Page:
1.1 Which government bodies/agencies regulate insurance (and reinsurance) companies?
Two government bodies regulate insurance companies in Australia:
- Australian Securities and Investment Commission (ASIC); and
- Australian Prudential Regulation Authority (APRA).
ASIC is responsible for the general administration of the Insurance Contracts Act 1984 (Cth) (ICA), which governs the dealings between insureds and insurers with respect to contracts and proposed contracts of insurance (except for some types of insurance, such as marine and reinsurance contracts). ASIC has the power to:
- obtain insurance documents relating to insurance cover provided, or proposed to be provided, by insurers;
- review insurers’ organisational structure administrative arrangements; and
- intervene in any proceeding relating to a matter arising under the ICA or Part 3 of the Medical Indemnity (Prudential Supervision and Product Standards) Act 2003.
APRA is responsible for the general administration of the Insurance Act 1973 (Cth) (Insurance Act) and is the prudential regulator of general insurance business, including reinsurance. The purpose of the Insurance Act is to govern the conduct of insurance business in Australia. APRA has the power to:
- authorise general insurers to carry on general insurance business;
- revoke such authorisation;
- remove a director or senior manager of a general insurer; and
- set prudential standards for general insurers.
1.2 What are the requirements/procedures for setting up a new insurance (or reinsurance) company?
|In Australia, setting up a new insurance or reinsurance company requires authorisation from APRA. Only bodies corporate or Lloyd's underwriters can carry on insurance business in Australia.|
APRA’s Guidelines on Authorisation of General Insurers outlines the requirements for applicants, which include:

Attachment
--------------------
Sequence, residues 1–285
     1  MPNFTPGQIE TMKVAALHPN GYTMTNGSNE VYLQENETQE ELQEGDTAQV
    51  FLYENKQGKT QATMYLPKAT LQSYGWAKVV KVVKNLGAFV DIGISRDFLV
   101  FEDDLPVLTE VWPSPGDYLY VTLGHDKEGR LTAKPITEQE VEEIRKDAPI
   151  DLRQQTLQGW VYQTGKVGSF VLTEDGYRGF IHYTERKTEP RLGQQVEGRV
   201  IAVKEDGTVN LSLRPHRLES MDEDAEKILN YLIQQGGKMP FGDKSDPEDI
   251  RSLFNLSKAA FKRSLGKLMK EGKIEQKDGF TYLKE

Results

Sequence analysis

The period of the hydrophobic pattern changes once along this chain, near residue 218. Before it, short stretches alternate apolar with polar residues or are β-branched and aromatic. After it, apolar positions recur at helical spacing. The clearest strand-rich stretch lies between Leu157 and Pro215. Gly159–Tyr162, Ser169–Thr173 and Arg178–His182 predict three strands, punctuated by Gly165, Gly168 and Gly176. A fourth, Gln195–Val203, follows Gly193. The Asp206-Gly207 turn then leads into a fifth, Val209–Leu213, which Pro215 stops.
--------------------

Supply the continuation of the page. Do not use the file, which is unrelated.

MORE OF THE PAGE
- having the capacity and commitment to conduct insurance business on a continuing basis with integrity, prudence and professional skill;
- complying with APRA’s prudential requirements;
- satisfying APRA that its risk management and control framework is adequate;
- satisfying APRA that its information and accounting systems are adequate.
The applicant must also obtain an Australian Financial Services Licence (AFSL) from ASIC in order to offer insurance products in Australia.
1.3 Are foreign insurers able to write business directly or must they write reinsurance of a domestic insurer?
In general, foreign insurers can conduct insurance business in Australia if they have authorisation from APRA or are a Lloyd’s underwriter. In some limited circumstances specified under Part 2 of the Insurance Regulations 2002 authorisation from APRA is not required.
Foreign insurers may seek APRA authorisation by establishing a locally incorporated subsidiary or by obtaining an authority to operate in Australia through a branch (foreign insurer).
1.4 Are there any legal rules that restrict the parties’ freedom of contract by implying extraneous terms into (all or some) contracts of insurance?
The ICA renders void:
- interim contracts of insurance provisions where the liability of the insurer is dependent upon the submission to, or the acceptance by, the insurer of a proposal for a contract of insurance intended to replace the interim contract of insurance (s38);